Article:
As it is known, Jerusalem, was a vital and sacred city for all monotheistic religions. The most important reason for this was that Solomon first built it. This one is the Second Temple of Jerusalem, which was a rebuilt version after being demolished in the 6th century. This Temple was where God met his people. Therefore, it was considered the most sacred place. Justinian, while building New Jerusalem, wanted to make the New Temple. Thus, while looking at the architecture of Hagia Sophia, we will look at the light of the Solomon Temple architecture in Jerusalem.

Justinianus invites the two most influential architects of his time before him and talks about his plan. These architects are Anthemius with Tralles and Isidoros with Miletus. By looking at the project, Anthemius and Isidorus state their views on the fact that this building is impossible to build; however, Justinianus is determined. He wants this church. The construction begins on February 23rd, 532, and the church opens to worship on December 27th, 537.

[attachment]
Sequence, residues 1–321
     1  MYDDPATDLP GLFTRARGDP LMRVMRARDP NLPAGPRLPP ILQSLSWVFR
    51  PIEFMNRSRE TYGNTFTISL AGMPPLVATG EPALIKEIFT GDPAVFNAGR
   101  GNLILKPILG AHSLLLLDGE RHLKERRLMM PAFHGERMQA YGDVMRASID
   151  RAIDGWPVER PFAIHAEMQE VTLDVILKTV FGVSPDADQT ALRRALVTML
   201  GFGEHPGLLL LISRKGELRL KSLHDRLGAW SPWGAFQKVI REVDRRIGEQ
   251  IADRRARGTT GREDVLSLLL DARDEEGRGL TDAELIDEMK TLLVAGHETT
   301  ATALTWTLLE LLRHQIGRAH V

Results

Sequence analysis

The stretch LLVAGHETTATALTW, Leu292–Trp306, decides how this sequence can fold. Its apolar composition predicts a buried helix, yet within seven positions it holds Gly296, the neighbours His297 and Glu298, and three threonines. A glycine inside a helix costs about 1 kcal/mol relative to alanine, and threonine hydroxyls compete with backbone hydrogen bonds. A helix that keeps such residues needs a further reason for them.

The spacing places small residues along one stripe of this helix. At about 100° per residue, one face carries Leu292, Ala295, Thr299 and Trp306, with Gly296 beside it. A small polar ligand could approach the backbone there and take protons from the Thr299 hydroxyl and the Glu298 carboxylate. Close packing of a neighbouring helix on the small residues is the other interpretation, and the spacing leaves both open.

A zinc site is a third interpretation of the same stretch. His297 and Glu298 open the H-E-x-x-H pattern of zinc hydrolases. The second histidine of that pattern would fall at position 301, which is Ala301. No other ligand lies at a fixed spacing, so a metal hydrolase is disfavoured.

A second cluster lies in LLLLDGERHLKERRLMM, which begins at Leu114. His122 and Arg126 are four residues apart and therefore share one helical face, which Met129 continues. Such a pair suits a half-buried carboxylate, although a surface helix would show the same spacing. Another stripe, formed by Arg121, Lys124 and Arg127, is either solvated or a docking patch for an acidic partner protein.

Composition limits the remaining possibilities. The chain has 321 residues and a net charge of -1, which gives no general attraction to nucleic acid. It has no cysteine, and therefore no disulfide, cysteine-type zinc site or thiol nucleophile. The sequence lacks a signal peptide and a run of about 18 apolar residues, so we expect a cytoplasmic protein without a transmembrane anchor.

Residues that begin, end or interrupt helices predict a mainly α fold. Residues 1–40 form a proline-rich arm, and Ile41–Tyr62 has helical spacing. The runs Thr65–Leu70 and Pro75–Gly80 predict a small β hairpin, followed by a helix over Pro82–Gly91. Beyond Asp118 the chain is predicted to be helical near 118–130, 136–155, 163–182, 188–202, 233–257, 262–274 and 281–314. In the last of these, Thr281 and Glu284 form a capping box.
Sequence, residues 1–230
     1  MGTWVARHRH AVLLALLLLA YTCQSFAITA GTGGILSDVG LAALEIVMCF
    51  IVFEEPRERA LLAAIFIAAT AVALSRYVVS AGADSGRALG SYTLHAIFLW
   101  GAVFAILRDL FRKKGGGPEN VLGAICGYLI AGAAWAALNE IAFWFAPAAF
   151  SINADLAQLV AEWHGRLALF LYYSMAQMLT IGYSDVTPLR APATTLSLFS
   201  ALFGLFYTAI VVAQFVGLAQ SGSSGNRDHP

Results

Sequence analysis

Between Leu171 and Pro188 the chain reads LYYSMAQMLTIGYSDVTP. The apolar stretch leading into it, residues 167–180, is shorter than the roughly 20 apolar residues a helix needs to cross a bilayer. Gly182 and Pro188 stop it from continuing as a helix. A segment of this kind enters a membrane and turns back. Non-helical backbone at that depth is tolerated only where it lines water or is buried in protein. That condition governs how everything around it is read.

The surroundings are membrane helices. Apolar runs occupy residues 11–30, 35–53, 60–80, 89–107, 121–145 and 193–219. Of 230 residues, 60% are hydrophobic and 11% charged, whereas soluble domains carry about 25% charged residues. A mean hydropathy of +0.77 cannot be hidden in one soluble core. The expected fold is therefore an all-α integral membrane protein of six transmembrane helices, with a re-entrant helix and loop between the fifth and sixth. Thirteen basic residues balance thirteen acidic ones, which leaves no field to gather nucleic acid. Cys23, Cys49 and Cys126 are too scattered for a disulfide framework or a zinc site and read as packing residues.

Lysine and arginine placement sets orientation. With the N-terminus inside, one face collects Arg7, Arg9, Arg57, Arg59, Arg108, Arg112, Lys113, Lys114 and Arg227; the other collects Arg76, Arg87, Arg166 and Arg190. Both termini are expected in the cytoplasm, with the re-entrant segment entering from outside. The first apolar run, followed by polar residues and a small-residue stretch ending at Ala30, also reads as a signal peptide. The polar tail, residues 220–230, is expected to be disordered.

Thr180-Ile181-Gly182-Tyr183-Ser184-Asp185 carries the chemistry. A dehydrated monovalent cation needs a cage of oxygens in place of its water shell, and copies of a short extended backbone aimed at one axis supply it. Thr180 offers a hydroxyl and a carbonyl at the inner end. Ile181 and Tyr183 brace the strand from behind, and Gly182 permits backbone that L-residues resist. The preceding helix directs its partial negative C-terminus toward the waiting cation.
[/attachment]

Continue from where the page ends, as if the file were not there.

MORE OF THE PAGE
When the completed Hagia Sophia, it was the largest building in the world, apart from the pyramids, and remained like this for nearly 1000 years. Its dome was considered the largest and highest dome for 1000 years.

The Architecture of Hagia Sophia

The main feature that made the architecture of Hagia Sophia so tricky, and even though it was impossible to construct, was the plan to build a dome on a rectangular building. This feature was crucial for Justinian. So how would they do this?